Tenerife is very obviously a volcanic island, the biggest clue being the chuffing great volcano at its centre. Mt Teide, the 3rd highest in the world at 3,718m (7,500m from the sea bed apparently), dominates the view from all directions. Not to be ignored, given recent tragic events, it is an active volcano: its most recent eruption occurred in 1909 and tends to blow every hundred years or so…We woke to partly overcast skies and a dull forecast on the coast so decided to try our luck with one of the famed cloud inversions on the island. Sure enough, after a winding hour’s drive, we arrived at the Mt Teide National Park in glorious sunshine.It’s an amazing moonscape of volcanic detritus – rock everywhere, but remarkably little that has climbing on it. The reason becomes apparent at closer quarters, where much of the “rock” is little more than ash and cinders.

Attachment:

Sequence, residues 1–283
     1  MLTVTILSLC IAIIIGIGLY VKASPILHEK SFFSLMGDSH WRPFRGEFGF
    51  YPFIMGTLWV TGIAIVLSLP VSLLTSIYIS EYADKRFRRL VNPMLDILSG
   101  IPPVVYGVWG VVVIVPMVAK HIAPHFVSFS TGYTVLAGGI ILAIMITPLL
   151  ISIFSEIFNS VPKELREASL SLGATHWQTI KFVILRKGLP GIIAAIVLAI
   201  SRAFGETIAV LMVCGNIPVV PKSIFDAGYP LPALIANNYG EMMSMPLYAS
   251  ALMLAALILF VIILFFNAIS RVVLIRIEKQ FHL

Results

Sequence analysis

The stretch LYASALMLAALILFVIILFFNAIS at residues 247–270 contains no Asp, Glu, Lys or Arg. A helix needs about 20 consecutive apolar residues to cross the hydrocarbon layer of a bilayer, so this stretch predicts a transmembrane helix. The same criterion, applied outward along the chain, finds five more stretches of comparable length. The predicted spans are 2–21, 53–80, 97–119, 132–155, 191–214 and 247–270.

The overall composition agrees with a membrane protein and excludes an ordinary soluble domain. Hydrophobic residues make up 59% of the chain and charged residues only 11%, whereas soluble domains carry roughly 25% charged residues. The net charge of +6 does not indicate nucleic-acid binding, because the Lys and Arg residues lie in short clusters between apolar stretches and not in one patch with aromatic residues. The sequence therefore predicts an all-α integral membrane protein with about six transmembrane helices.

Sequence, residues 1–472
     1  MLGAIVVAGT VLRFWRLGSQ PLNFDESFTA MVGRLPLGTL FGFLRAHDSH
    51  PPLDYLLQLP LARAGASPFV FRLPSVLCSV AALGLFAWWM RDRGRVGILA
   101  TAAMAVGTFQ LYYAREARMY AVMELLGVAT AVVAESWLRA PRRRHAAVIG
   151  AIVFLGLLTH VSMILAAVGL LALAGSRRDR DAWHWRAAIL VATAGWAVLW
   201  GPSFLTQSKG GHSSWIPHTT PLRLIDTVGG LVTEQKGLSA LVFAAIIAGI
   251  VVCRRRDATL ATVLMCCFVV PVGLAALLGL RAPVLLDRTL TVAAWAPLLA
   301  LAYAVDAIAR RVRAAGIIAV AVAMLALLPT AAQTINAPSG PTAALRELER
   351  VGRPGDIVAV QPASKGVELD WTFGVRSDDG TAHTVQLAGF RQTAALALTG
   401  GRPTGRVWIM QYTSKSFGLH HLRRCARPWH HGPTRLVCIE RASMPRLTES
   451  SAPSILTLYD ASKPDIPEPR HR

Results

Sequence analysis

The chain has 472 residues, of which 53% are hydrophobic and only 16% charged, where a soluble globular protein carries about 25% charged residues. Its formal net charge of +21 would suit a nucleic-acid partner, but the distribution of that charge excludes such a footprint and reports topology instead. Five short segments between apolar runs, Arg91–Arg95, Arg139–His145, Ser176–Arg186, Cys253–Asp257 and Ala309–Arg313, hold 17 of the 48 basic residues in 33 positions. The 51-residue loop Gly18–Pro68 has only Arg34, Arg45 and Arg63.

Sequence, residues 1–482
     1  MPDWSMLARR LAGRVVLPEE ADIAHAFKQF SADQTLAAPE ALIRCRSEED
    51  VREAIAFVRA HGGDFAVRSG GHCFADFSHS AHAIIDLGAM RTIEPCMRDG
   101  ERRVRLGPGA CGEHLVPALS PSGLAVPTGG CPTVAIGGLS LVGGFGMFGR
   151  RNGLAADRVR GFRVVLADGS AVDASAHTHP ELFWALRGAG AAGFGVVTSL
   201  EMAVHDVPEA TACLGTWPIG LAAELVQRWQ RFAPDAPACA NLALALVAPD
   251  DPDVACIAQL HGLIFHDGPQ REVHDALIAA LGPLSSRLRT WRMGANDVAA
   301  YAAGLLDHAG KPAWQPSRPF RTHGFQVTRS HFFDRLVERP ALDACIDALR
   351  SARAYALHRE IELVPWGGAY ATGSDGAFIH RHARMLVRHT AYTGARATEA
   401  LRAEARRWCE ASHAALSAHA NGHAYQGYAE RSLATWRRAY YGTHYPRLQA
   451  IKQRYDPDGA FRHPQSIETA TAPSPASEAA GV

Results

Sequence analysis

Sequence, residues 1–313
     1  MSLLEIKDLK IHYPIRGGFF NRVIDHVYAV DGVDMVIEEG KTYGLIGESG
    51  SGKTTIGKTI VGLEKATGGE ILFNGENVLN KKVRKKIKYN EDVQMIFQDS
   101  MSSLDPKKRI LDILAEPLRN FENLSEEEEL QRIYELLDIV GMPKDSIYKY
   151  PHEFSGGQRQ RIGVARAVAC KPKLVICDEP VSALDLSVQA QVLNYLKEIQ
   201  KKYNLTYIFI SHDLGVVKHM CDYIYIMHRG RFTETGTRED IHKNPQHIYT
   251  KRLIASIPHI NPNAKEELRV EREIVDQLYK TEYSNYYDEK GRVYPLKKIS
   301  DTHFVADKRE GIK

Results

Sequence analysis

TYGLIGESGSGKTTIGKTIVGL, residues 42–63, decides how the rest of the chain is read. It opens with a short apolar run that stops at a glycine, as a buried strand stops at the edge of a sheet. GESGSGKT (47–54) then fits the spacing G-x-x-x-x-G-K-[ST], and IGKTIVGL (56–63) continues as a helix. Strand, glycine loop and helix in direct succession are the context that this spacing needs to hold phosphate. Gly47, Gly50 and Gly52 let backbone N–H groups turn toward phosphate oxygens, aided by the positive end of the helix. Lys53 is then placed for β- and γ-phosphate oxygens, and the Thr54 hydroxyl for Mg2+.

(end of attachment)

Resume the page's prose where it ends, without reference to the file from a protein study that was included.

However, there are a number of areas with unworldly towers and pinnacles of (more) solid rock, the main one being sited somewhat incongruously next to the Parador. La Cañada del Capricho has about 150 routes scattered throughout a labyrinth of crazy spires, pinnacles and towers.We homed in on the impressive wedge-shaped sector of El Diedro, and its sunny south face: sector Psiquiatrico – mostly because it was the nearest, most impressive bit of rock, and there was a situ French team who were able to point out where we were in the guidebook. They also warned: “The ways are very difficult and the security is very distant” Hrmmm…Their circumspection was evidenced by a top rope down the classic IV corner and the easiest bolted line, a 6a on the Arête.We headed over to the to the right hand side of the wall and the other 6a, Follada a medias, which was tough but not ridiculously so – though 3 bolts in about 12m certainly felt spicy.Time for buttiesLeft again, Los Ultimos Dias del Mesias, 6a+, felt more than half a grade harder, and you only got one extra bolt for an extra 3m.This handily enables a top rope down Bavaresa, a trad protected grade V flake and corner crack, which Tash styled up, burbling about the quality of the climbing.Having got bit of calibration data, I threw myself at a couple of 6cs: La Vie de Cesar and Cuajada de Pus (charming!)Both felt fairly tough, with somewhat erratic bolting – a mix of old and new, with the crux requiring a committing run-out above an older specimen in both cases. Weird, but perhaps not surprising as this was the first area on the island to be developed for sports climbing. A had a cheeky rest to gather mojo on the first, but got the second clean.T-shirt climbing at 2,200m; not so bad this near the winter solstice, and fully justifying our high-altitude gamble. This was reinforced as we wound our way back down the hill at the end of the day, as we were greeted by an unbroken sea of cloud beneath us as we basked in the last of the afternoon rays. Pictures courtesy of Tash: